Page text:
Standard Chartered's affiliate in South Africa had performed inconsistently in the 1980s, but was for the most part a profitable venture. Growing political pressure to divest South African holdings caused the bank some unrest. Standard Chartered was reluctant to sell its 39 percent interest in the bank at the unfavorable exchange rate of the time and take a large loss. Finally, in 1987 the bank divested its South African holdings, ending its 125-year presence in that nation. It was the last foreign bank to leave South Africa.

In 1986, London saw an explosion of mergers and acquisitions among banks with the financial deregulation known as the "Big Bang." Standard Chartered became the target of a takeover by Lloyds Bank, which Standard Chartered's chief executive, Michael McWilliam, was determined to prevent. The purchase of 35 percent of Standard Chartered's shares by three businessmen helped to thwart the Lloyds bid. Standard Chartered received a thrashing in the British press when it became known that one of its white knights, Tan Sri Khoo, had received a large loan from the bank just before he invested in its shares, but the bank called for an investigation to clear its name and was vindicated by the Bank of England a year later.

Although Standard Chartered was successful in warding off the hostile takeover by Lloyds, its troubles were not over. The banking community's dependence on the Third World caught up with it in 1987, when, due to larger loan-loss provisions, Standard Chartered showed a net loss of £274 million. McWilliam tried to restructure the bank's operations and replaced many high-ranking executives. Chairman Sir Peter Graham stated that the bank needed to inject new capital through a rights issue. In 1988, the bank reversed its position on divesting non-core assets to raise capital and sold the United Bank of Arizona to Citibank and later, its profitable Union Banking group to California First, a subsidiary of the Bank of Tokyo.

Standard Chartered's situation began to improve in 1988. A new rights issue in September of 1988 helped repair the bank's capital balance. Profits for the first half of 1988 were £154 million compared to a loss of £222 million during the same period a year before. McWilliam, who had directed the bank's operations during its stormiest year, resigned in early 1988 and Sir Peter Graham, who had been chairman for only two years, retired. Rodney Galpin took over as both chairman and chief executive. Galpin had spent most of his career at the Bank of England and intended to be a "hands-on" chairman.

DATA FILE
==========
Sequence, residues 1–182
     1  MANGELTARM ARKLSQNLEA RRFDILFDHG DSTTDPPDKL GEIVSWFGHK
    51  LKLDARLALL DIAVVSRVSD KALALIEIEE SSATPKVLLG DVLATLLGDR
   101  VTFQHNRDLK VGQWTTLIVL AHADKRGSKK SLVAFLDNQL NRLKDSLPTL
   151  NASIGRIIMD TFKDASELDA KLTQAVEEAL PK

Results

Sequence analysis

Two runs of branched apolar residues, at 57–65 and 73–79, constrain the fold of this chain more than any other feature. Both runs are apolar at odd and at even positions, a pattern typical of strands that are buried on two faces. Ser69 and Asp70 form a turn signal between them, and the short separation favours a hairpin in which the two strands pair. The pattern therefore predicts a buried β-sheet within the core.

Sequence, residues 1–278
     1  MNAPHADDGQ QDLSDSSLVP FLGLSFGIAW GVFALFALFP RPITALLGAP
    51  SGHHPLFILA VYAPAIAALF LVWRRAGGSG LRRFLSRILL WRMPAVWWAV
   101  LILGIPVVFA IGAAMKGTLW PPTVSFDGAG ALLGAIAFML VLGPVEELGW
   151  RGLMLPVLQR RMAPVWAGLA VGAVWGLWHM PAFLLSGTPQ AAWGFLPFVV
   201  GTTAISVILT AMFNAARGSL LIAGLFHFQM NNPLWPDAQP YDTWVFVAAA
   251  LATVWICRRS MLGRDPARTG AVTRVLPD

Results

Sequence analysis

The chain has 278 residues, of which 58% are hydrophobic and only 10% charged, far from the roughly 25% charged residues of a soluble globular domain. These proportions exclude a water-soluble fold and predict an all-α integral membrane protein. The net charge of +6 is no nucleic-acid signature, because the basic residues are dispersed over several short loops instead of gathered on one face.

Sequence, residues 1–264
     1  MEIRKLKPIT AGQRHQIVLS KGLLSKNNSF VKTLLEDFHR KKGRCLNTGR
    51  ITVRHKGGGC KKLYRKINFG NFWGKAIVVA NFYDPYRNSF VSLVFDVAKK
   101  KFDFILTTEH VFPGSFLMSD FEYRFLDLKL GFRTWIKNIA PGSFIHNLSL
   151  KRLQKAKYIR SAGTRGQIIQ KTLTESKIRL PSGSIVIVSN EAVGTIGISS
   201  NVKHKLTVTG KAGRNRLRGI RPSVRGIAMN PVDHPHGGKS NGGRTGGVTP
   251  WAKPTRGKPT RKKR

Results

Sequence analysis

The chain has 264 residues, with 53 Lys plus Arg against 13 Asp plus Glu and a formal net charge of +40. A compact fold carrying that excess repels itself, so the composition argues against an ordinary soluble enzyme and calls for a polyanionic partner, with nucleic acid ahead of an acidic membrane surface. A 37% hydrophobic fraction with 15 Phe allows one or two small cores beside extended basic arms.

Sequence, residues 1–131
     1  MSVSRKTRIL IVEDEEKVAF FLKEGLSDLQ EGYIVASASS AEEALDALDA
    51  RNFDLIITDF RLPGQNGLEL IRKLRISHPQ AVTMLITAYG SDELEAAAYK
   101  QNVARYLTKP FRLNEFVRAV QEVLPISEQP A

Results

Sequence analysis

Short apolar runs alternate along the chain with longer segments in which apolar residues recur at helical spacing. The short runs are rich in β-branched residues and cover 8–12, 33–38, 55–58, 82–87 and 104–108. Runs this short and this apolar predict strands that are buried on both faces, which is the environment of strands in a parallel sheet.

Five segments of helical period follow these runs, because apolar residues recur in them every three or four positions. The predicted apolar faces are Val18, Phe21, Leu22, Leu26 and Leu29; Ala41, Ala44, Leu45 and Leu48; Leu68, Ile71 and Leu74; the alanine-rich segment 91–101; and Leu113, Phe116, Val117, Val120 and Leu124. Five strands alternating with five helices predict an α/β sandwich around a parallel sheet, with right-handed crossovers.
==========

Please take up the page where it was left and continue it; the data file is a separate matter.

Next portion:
Focus on Emerging Markets: 1990s and Beyond

Upon entering the 1990s, Standard Chartered continued to restructure. It divested holdings in Europe, the United States, and Africa and made a series of job cuts. Unprofitable businesses were shut down and internal operations were streamlined. Management began a new strategy of focusing on consumer banking, along with corporate and institutional banking in Asia, Africa, and the Middle East.

Even as Standard Chartered pared back certain operations, it continued to delve into emerging markets. In 1990, it reentered the Vietnamese market, and then two years later began operating in Cambodia and Iran. Tanzania followed, along with Myanmar in 1995. By the mid-1990s, the company had offices in every country in the Asia Pacific region except for North Korea. While both the Asian and African markets proved tumultuous, the company's financial performance remained strong. In 1997, the bank secured pre-tax profits of £870 million.

The bank then began a series of acquisitions that would strengthen its position in the emerging markets industry. In 1998, it acquired a majority interest in Banco Exterior de Los Andes, which enabled the firm to offer its banking services as well as trade finance services in Columbia, Peru, and Venezuela. The following year, the global trade finance business of Union Bank of Switzerland was purchased. The bank also acquired a 75 percent stake in Thailand's Nakornthon Bank PLC. In the fall of 1999, Standard Chartered increased in presence in China by opening a Beijing branch office.

During 2000, the company made two of its largest acquisitions to date. The first was the $1.34 billion cash purchase of ANZ Grindlays Bank's South Asian and Middle Eastern banking operations. The deal added 116 branches to Standard Chartered growing arsenal. The next acquisition was that of Chase Manhattan Corp.'s Hong Kong consumer banking and credit card operations. The $1.32 billion purchase secured the bank's position as Hong Kong's largest credit card operator with a 25 percent market share. The company also sold its Chartered Trust unit to Lloyds TSB that year for £627 million.